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The Latest: Bell, Haas still state employees after vote

The Wisconsin State Capitol dome in Madison is seen, Aug. 24, 2017. (WLUK/Courtney Ryan)

MADISON, Wis. (AP) -- The Latest on efforts to remove Wisconsin Ethics and Elections commission administrators (all times local):

5:45 p.m.

The ousted leaders of the state Ethics and Elections commissions remain employed as state employees.

Department of Administration spokesman Steve Michels says Elections leader Michael Haas remains employed as an attorney for the commission. And he says Ethics administrator Brian Bell can return to his previous job within the Department of Safety and Professional Services.

The Senate voted Tuesday to reject their confirmations as leaders of the Ethics and Elections commissions. State employee laws allowed them to return to previous jobs they held.

Both commissions are meeting later this week to discuss next steps, including hiring interim directors.

Senate Majority Leader Scott Fitzgerald says he hopes the commissions won't re-hired Bell and Haas as interim directors.

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5:30 p.m.

Senate Majority Leader Scott Fitzgerald says it will be hard to develop any kind of cooperative relationship with the state Ethics or Elections commissions as long as they include certain former staff from the Government Accountability Board.

That is the now-disbanded agency that investigated Gov. Scott Walker and other Republicans.

The Senate on Tuesday voted to reject confirmation of Ethics administrator Brian Bell and Elections leader Brian Bell.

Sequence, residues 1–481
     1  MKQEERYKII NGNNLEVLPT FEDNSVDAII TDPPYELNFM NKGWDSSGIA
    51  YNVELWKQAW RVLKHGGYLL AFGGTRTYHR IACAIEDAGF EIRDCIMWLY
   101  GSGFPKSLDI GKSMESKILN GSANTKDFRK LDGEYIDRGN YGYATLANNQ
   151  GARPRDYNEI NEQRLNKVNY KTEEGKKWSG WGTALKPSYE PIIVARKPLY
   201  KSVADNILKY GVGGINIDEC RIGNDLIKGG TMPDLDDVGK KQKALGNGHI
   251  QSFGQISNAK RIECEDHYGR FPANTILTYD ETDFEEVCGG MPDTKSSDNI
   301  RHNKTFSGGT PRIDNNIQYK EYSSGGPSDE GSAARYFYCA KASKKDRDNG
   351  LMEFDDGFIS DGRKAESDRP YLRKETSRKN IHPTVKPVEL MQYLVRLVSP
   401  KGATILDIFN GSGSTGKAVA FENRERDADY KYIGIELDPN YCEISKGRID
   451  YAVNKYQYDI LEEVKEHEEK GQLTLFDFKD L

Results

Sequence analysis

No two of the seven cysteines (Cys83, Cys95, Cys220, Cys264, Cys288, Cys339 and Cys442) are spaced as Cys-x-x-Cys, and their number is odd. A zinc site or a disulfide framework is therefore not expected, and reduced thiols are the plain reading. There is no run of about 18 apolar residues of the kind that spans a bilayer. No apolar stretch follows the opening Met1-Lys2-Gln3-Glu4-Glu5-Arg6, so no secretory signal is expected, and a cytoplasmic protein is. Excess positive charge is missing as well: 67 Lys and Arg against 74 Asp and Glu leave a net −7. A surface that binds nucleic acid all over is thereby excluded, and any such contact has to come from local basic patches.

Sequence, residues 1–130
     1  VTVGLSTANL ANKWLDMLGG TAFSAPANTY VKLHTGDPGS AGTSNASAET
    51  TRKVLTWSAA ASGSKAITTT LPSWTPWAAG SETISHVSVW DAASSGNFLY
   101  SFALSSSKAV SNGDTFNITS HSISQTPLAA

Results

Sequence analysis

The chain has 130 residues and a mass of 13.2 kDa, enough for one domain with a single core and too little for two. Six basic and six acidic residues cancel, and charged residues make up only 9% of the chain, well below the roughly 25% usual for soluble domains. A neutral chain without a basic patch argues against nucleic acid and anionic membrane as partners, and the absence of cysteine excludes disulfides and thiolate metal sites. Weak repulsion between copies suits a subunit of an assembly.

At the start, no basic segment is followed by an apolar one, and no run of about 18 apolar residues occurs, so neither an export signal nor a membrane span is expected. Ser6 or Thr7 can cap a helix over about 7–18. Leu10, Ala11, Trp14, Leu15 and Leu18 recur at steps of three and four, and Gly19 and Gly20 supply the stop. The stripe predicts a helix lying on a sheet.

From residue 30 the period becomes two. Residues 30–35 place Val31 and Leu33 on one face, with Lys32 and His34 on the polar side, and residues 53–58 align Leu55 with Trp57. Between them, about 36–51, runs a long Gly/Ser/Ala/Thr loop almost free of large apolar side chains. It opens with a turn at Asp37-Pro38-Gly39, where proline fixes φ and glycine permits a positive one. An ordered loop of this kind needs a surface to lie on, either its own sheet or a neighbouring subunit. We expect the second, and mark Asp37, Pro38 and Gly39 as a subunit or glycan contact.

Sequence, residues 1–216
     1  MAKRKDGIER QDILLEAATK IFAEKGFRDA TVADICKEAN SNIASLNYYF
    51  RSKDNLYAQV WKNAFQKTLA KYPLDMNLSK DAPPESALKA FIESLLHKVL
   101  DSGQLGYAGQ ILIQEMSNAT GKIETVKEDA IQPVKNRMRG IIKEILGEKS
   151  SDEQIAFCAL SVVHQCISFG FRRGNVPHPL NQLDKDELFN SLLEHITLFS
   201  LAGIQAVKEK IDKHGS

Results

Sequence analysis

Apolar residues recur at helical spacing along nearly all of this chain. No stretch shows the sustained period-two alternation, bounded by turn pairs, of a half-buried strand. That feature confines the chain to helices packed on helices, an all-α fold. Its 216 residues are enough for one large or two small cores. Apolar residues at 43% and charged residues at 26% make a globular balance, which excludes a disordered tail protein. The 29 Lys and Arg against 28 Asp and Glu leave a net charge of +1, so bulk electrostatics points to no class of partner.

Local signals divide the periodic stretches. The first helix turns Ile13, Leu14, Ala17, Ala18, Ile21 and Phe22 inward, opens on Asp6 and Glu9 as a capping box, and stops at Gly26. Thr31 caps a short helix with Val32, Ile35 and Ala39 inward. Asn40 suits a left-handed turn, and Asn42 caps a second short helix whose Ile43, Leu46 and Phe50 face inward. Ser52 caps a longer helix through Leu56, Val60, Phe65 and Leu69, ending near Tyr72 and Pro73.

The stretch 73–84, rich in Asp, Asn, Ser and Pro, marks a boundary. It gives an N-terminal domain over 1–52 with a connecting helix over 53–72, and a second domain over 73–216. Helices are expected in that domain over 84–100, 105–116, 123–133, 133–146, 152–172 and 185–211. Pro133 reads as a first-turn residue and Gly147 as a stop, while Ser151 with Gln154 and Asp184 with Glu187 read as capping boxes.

But Fitzgerald says other former GAB employees at the Ethics and Elections commissions may be forced out by having their jobs reclassified.

Fitzgerald says there is a perception that lawmakers can't trust some former GAB workers who were involved in the Walker investigation.

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5:05 p.m.

Republican Senate Majority Leader Scott Fitzgerald says administrators of the Elections and Ethics are no longer state employees after the Senate voted to reject their confirmation.

Fitzgerald said Tuesday that Michael Haas at Elections and Brian Bell at Ethics had their state computer access shut down and they are no longer on the payroll.

Both commissions are meeting later this week to discuss next steps, including appointing interim directors.

Fitzgerald says he hopes Republican appointees on the bipartisan commissions would vote against naming either Bell or Haas to those spots. But if they were appointed as interim directors, Fitzgerald wouldn't say whether he would pursue legal action.